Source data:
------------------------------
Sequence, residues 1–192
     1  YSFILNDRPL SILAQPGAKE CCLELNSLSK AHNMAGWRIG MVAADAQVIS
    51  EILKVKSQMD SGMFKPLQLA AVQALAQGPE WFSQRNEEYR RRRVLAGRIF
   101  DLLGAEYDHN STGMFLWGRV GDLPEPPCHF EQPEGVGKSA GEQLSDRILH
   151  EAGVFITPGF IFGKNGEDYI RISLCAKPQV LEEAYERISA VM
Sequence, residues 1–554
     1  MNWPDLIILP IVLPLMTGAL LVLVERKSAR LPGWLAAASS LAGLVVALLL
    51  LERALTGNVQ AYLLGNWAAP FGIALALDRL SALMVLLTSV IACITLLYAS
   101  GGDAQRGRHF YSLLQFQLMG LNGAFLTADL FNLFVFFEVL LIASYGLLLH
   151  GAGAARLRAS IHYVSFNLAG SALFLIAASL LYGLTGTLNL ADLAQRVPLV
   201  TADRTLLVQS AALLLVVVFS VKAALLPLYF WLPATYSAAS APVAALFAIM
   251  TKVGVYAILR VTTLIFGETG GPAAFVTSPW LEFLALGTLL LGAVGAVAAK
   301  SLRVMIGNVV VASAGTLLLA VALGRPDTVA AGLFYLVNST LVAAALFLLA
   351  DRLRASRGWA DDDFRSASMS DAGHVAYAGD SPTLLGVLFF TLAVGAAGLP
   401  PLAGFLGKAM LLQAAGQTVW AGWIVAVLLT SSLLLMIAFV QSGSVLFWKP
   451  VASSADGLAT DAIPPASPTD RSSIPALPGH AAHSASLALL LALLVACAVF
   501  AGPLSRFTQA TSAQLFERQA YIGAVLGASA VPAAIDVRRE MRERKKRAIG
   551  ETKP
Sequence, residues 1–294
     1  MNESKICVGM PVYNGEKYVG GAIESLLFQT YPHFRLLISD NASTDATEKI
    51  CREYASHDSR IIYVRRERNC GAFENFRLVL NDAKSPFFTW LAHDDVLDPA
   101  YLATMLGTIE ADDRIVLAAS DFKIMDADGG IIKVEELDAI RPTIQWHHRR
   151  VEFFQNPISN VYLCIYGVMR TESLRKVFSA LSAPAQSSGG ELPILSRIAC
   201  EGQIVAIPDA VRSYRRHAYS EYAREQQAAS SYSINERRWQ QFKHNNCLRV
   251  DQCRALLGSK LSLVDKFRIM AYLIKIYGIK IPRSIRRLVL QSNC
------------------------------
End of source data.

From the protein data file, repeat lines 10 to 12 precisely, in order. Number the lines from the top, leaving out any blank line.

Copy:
   151  GAGAARLRAS IHYVSFNLAG SALFLIAASL LYGLTGTLNL ADLAQRVPLV
   201  TADRTLLVQS AALLLVVVFS VKAALLPLYF WLPATYSAAS APVAALFAIM
   251  TKVGVYAILR VTTLIFGETG GPAAFVTSPW LEFLALGTLL LGAVGAVAAK